Use of the acidified rinse or buffered rinse greatly reduces the potential for unwanted consumption of the desired substrate materials after exposing the wafer to the conditioning solution. In embodiments where rinsing is accomplished with a rinse bath, a gas may be bubbled through the rinse bath. When the gas is CO2, introduction of the gas provides another means for acidifying the rinse water as well due to the formation of carbonic acid. When the rinse is already acidified, however, inert gases such as N2 exhibit similar effectiveness to CO2. In some applications of this method, either the wafer may not be susceptible to the unwanted consumption of the substrate or additional loss of substrate material may not be critical. In these cases the wafer may be rinsed with deionized water.
In still another embodiment, the wafer 20 may be pre-rinsed with a non-aqueous solvent prior to the rinse step. In one embodiment, the non-aqueous solvent is a polyhydric alcohol, such as propylene glycol. In another embodiment, the wafer is pre-rinsed with the same non-aqueous solvent used in the conditioning solution. After pre-rinsing the wafer with a non-aqueous solvent, the wafer may be rinsed with any of the rinses described above.
The exact nature and length of the rinse step may vary depending on the next process step the substrate will undergo. The wafer 20 may be spin-dried after rinsing, if appropriate. The final structure of the wafer 20 with the residue removed is shown in
In a preferred embodiment, the conditioning solution is a solution of acetic acid, phosphoric acid, and hydrofluoric acid. By weight, the conditioning solution is predominantly composed of acetic acid, and is preferably approximately 80 to approximately 95 percent acetic acid. The conditioning solution also contains approximately 1 to approximately 15 percent phosphoric acid and approximately 0.01 to approximately 5.0 percent hydrofluoric acid. A preferred conditioning solution comprises approximately 90 to approximately 94 percent acetic acid, approximately 6 to approximately 7 percent phosphoric acid, and approximately 0.25 to approximately 0.3 percent hydrofluoric acid. A particularly preferred conditioning solution comprises about 91.5 percent acetic acid, about 6.5 percent phosphoric acid, about 0.27 percent hydrofluoric acid. In all of the above conditioning solutions, the balance of the solution weight is made up by water. In many embodiments, the conditioning solution is prepared by combining stock acid solutions which contain water, so a small amount of water may be present in the conditioning solution. It is preferred, however, that the water content of the conditioning solution be as low as possible.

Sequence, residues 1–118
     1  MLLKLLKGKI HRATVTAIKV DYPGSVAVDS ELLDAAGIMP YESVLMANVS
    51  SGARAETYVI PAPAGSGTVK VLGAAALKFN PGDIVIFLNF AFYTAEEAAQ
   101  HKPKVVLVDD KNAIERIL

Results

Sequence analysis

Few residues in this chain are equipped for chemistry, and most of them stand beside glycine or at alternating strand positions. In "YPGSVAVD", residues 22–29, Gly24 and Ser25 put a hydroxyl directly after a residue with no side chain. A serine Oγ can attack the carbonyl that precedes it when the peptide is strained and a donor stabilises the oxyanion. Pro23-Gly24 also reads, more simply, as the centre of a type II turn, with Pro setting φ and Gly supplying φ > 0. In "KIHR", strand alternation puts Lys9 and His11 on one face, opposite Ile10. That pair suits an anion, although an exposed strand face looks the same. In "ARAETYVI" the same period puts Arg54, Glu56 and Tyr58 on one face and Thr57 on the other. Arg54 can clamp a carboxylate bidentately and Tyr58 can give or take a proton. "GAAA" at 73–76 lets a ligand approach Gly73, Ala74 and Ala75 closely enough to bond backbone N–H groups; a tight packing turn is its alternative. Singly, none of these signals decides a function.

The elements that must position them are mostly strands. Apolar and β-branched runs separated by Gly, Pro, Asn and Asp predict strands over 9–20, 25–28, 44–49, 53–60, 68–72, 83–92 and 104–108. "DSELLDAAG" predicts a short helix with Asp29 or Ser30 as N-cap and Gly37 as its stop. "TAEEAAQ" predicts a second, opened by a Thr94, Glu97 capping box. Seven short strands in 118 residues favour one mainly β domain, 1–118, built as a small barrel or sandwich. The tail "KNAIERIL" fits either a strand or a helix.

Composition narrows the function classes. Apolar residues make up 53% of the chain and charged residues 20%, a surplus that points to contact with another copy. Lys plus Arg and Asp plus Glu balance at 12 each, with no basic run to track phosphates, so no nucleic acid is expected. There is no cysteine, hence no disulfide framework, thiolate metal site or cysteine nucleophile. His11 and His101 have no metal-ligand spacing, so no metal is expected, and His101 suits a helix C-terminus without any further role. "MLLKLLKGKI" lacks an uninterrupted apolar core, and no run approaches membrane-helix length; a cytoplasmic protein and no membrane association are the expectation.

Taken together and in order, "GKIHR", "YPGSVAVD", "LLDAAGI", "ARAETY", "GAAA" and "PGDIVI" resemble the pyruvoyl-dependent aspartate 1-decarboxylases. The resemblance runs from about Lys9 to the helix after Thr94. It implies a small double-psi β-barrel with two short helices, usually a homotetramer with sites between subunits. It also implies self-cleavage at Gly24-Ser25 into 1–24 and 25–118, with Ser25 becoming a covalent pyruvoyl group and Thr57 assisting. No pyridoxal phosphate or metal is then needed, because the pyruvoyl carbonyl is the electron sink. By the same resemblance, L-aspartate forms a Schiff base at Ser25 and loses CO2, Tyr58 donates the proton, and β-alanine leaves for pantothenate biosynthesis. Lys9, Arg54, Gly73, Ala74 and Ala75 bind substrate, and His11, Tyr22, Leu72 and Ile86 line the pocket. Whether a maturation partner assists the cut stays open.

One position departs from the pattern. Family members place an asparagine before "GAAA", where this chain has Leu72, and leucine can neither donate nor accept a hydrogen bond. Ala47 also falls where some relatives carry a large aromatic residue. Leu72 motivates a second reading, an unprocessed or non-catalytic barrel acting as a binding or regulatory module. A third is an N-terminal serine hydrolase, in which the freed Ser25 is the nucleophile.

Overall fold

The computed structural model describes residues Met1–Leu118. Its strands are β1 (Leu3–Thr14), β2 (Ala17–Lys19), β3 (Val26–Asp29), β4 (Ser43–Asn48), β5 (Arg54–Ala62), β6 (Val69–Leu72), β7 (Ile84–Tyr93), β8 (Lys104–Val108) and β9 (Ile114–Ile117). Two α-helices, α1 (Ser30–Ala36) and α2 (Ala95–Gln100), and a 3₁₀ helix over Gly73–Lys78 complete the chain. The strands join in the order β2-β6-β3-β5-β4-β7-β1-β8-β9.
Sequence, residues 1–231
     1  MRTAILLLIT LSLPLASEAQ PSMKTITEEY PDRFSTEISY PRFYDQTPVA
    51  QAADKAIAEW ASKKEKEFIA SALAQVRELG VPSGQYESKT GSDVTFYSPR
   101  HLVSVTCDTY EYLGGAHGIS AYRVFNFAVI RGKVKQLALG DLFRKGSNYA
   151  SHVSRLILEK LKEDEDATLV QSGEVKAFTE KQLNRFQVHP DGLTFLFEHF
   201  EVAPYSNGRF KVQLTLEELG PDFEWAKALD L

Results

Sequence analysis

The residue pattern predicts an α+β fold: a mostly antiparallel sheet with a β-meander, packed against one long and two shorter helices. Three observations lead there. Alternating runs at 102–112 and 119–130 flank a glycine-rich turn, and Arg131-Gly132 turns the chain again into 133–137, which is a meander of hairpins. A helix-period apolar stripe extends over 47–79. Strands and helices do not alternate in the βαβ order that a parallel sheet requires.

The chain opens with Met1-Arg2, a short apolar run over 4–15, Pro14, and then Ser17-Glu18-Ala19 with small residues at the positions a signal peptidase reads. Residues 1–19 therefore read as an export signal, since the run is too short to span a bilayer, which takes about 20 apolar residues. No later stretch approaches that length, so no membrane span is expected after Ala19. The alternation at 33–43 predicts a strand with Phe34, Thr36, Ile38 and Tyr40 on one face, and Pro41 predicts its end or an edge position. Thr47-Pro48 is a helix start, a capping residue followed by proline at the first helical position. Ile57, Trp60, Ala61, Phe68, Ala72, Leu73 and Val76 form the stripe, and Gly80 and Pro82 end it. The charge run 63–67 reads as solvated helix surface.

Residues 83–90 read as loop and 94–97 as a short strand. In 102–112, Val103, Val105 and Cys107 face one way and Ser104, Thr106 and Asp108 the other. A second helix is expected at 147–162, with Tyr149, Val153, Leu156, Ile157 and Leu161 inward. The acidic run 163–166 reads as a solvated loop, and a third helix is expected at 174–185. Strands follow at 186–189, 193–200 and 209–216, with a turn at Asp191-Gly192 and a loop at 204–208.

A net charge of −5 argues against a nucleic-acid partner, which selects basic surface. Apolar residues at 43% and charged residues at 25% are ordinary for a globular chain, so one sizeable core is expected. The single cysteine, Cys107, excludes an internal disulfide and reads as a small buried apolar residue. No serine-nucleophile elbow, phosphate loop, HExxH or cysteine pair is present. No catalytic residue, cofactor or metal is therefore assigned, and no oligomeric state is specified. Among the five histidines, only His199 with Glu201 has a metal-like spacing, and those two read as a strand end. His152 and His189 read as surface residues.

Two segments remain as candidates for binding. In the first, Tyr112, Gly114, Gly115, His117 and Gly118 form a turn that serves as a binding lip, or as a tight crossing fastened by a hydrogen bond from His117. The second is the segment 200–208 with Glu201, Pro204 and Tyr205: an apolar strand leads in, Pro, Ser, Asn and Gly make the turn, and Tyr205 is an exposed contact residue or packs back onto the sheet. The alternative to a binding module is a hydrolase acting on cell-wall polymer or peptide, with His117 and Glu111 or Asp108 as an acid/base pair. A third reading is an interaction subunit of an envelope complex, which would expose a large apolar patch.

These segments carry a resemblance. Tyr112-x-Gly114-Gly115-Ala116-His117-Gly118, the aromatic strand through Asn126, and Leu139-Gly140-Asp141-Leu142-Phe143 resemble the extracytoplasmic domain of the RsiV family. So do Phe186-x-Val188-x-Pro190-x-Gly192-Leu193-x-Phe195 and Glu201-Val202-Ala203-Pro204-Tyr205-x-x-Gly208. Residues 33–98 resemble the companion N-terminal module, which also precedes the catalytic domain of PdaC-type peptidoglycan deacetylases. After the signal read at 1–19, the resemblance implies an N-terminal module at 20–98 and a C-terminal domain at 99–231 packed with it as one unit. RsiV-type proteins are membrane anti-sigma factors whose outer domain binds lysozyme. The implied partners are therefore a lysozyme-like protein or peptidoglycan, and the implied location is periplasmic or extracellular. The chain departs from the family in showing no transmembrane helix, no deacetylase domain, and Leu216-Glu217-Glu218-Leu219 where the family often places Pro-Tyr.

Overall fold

In other embodiments, a suitable conditioning solution may be prepared by other combinations of chemicals. Although HF is preferred, other fluorine sources may be effectively employed within the scope of this invention. For example, NH4F might be employed as the fluorine source as long as the NH4F was compatible with the other components selected for the conditioning solution. Similarly, H3PO4 is not the only source of phosphate contemplated within the inventive method. For example, phosphate salts which could dissociate to yield H2PO4 −, HPO4 2−, or PO4 3− might be appropriate depending on the other components in the conditioning solution. HF and H3PO4, however, are particularly preferred and convenient choices for the fluorine source and the phosphate source.
Residue removal with the conditioning solution may be performed at temperatures of approximately 5 to approximately 60 degrees Celsius. Temperatures below 5 degrees Celsius may be used, but are not as favorable due to decreased residue removal speeds. As a result, at lower temperatures the conditioning solution may need to be applied to the substrate for longer periods of time, leading to lower throughput in a production setting. Additionally, the tendency of acetic acid to solidify near room temperature may provide a lower limit to the temperatures which may be used. Temperatures above 60 degrees Celsius may also be used, but at higher temperatures the vapor pressure of the conditioning solution may become significant. This can lead to excessive fume production when the method is performed in an wet bench environment. Preferably, the substrate is exposed to the conditioning solution at a temperature of approximately 35 to approximately 40 degrees Celsius. Exposing the substrate to the conditioning solution at a temperature of approximately 38 degrees Celsius is a particularly preferred embodiment of this invention.